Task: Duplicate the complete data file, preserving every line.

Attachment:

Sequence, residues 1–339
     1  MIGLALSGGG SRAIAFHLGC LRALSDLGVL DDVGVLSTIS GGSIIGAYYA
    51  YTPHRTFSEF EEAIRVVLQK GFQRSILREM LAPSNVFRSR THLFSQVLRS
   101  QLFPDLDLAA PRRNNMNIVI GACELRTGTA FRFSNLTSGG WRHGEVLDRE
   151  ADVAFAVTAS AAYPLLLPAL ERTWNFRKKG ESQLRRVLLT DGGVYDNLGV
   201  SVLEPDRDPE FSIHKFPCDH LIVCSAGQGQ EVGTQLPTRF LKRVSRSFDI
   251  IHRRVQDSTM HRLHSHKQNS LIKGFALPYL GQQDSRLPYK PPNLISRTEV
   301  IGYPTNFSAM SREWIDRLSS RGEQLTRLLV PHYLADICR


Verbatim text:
Sequence, residues 1–339
     1  MIGLALSGGG SRAIAFHLGC LRALSDLGVL DDVGVLSTIS GGSIIGAYYA
    51  YTPHRTFSEF EEAIRVVLQK GFQRSILREM LAPSNVFRSR THLFSQVLRS
   101  QLFPDLDLAA PRRNNMNIVI GACELRTGTA FRFSNLTSGG WRHGEVLDRE
   151  ADVAFAVTAS AAYPLLLPAL ERTWNFRKKG ESQLRRVLLT DGGVYDNLGV
   201  SVLEPDRDPE FSIHKFPCDH LIVCSAGQGQ EVGTQLPTRF LKRVSRSFDI
   251  IHRRVQDSTM HRLHSHKQNS LIKGFALPYL GQQDSRLPYK PPNLISRTEV
   301  IGYPTNFSAM SREWIDRLSS RGEQLTRLLV PHYLADICR